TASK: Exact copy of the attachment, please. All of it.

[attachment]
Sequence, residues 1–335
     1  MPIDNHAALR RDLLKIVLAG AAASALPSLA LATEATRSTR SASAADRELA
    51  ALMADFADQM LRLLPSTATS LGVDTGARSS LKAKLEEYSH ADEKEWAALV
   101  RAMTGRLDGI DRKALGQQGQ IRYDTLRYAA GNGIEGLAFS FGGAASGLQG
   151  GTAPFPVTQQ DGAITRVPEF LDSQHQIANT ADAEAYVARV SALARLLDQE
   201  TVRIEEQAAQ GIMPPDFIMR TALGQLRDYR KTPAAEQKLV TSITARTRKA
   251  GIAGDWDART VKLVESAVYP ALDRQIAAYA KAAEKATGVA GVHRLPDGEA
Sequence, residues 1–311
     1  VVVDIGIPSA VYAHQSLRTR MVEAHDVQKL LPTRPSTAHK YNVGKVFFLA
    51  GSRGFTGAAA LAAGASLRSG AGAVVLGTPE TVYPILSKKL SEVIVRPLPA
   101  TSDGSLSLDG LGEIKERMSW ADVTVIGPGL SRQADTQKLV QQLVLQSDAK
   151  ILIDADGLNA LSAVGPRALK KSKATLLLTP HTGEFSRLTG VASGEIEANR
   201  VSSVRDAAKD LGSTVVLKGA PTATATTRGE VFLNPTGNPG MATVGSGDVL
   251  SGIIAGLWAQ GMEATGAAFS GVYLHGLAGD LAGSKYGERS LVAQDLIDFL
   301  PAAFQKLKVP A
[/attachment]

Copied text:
Sequence, residues 1–335
     1  MPIDNHAALR RDLLKIVLAG AAASALPSLA LATEATRSTR SASAADRELA
    51  ALMADFADQM LRLLPSTATS LGVDTGARSS LKAKLEEYSH ADEKEWAALV
   101  RAMTGRLDGI DRKALGQQGQ IRYDTLRYAA GNGIEGLAFS FGGAASGLQG
   151  GTAPFPVTQQ DGAITRVPEF LDSQHQIANT ADAEAYVARV SALARLLDQE
   201  TVRIEEQAAQ GIMPPDFIMR TALGQLRDYR KTPAAEQKLV TSITARTRKA
   251  GIAGDWDART VKLVESAVYP ALDRQIAAYA KAAEKATGVA GVHRLPDGEA
Sequence, residues 1–311
     1  VVVDIGIPSA VYAHQSLRTR MVEAHDVQKL LPTRPSTAHK YNVGKVFFLA
    51  GSRGFTGAAA LAAGASLRSG AGAVVLGTPE TVYPILSKKL SEVIVRPLPA
   101  TSDGSLSLDG LGEIKERMSW ADVTVIGPGL SRQADTQKLV QQLVLQSDAK
   151  ILIDADGLNA LSAVGPRALK KSKATLLLTP HTGEFSRLTG VASGEIEANR
   201  VSSVRDAAKD LGSTVVLKGA PTATATTRGE VFLNPTGNPG MATVGSGDVL
   251  SGIIAGLWAQ GMEATGAAFS GVYLHGLAGD LAGSKYGERS LVAQDLIDFL
   301  PAAFQKLKVP A